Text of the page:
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Photographer's Note

Please pardon my enthusiasm but I have just learned to love this city. I have come to realize that even the new architecture compliment the old historical structures. I have tried to illustrate this in the reflection of the Old Court House on a new glass monolith. The historical significance of the Court is below, and in this relatively young country it seems to me to be hugely important to preserve our roots so that some day a millennium from now we won't forget how we got there.

An alternate view to help put this city in perspective is shown in the ws.

In 1826, construction of the original Federal Style Courthouse began on land donated for use as a public square by Auguste Chouteau and J.B.C. Lucas. Construction on the existing Greek Revival style Courthouse began in 1839 and continued through several transitions until 1862.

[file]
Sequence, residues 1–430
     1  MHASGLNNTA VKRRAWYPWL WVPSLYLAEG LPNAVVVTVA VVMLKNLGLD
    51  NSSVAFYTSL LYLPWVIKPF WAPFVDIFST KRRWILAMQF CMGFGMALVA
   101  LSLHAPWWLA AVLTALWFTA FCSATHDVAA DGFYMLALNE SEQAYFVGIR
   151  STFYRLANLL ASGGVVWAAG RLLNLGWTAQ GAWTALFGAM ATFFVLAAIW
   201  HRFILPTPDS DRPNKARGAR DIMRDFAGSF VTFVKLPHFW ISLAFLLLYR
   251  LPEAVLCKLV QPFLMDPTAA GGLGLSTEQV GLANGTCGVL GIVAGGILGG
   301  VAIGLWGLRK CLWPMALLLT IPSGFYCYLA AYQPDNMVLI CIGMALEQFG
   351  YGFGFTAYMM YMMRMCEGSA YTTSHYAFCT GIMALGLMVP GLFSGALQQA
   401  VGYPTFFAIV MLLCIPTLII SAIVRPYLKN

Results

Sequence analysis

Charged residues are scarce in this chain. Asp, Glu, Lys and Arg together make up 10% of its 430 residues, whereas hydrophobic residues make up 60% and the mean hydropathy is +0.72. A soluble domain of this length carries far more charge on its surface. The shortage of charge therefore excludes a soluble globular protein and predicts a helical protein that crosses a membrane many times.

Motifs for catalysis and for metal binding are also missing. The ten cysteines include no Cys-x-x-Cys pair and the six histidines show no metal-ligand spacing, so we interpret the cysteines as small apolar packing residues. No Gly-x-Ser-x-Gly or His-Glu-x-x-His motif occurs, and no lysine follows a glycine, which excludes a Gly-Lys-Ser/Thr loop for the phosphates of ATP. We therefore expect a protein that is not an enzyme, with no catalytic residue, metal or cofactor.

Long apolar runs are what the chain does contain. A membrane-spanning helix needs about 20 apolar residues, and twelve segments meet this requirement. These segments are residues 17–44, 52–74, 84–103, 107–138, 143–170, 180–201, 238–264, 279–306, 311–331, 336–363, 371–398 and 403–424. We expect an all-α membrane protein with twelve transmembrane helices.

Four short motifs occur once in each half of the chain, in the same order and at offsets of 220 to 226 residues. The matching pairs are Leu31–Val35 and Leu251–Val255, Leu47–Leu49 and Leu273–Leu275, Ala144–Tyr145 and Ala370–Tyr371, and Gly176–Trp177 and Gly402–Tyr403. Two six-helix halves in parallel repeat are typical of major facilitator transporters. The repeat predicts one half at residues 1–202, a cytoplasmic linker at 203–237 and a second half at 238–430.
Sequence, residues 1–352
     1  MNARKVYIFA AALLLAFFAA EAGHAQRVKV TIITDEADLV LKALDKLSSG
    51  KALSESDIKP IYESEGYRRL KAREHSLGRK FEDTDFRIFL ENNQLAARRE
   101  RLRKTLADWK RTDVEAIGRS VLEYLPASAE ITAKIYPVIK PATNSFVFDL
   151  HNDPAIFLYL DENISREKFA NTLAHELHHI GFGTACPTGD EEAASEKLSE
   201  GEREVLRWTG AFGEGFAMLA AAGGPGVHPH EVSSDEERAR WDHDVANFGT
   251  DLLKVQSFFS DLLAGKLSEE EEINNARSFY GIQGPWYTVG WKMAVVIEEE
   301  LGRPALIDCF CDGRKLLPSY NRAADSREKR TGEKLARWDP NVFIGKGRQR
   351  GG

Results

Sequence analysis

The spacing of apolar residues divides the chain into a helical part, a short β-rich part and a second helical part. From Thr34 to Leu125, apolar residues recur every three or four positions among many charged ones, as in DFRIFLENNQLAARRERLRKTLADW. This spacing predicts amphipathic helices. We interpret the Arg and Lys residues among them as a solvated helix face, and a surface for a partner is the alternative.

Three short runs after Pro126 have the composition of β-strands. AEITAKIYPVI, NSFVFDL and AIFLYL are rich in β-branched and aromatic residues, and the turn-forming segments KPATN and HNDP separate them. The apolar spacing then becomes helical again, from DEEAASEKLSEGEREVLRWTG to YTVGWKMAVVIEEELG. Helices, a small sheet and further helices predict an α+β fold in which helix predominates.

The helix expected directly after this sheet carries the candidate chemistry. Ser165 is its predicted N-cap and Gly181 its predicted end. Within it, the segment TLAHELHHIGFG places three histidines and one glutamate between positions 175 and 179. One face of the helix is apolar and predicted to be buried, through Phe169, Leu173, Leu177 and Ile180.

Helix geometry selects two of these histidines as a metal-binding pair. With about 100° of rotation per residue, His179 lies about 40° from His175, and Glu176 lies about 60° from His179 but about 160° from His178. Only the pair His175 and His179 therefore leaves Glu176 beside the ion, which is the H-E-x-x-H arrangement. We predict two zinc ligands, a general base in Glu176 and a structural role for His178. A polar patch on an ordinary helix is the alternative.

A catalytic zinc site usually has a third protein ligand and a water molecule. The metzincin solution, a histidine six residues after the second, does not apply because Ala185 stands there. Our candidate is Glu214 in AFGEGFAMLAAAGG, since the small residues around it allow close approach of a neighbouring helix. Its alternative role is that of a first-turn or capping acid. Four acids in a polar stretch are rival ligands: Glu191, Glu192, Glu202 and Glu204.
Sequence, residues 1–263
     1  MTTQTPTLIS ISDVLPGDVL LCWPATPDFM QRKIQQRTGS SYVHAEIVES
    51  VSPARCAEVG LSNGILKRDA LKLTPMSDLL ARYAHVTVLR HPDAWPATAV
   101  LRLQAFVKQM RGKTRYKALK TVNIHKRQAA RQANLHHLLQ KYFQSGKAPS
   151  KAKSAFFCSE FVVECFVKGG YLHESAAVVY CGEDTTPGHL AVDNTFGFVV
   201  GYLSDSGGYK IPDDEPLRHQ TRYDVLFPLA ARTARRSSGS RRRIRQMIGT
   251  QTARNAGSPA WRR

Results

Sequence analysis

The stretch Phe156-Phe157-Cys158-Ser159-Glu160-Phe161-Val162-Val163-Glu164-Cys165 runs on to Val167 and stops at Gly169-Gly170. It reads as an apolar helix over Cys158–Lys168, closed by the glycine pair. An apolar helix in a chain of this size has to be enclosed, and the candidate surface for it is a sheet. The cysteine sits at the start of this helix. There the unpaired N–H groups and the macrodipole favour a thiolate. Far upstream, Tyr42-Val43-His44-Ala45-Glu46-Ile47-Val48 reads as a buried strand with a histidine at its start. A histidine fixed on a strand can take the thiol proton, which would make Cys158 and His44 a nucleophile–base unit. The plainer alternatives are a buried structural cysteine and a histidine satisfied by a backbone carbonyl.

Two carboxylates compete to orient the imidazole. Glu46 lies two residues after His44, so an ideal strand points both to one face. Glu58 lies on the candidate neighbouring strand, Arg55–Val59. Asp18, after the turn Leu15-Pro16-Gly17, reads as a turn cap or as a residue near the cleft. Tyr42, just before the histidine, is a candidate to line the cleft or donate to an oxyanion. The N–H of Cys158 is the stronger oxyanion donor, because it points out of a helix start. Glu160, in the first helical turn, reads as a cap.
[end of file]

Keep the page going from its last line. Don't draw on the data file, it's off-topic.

The courthouse was the scene of many rallies, speeches and several important trials, including the suit by Dred Scott for freedom from slavery and Suffragist Virginia Louisa Minor for the right to vote.

A special exhibit, Dred Scott, Slavery and The Struggle to Be Free, is currently on display in the Rotunda of the Old Courthouse. The exhibit describes several aspects of African-American society and culture, from slavery to free black business owners to the "colored aristocracy" of rich landowners.

In 1940, the city of St. Louis deeded the Old Courthouse to the Federal Government. Today, this nineteenth-century courthouse features restored courtrooms, a decorated dome, Dioramas, the "Gateway To The West" film and galleries depicting the history of St. Louis.

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Additional Photos by Greg Davis (Greg1949) Gold Star Critiquer/Gold Star Workshop Editor/Gold Note Writer [C: 1443 W: 102 N: 2512] (9011)
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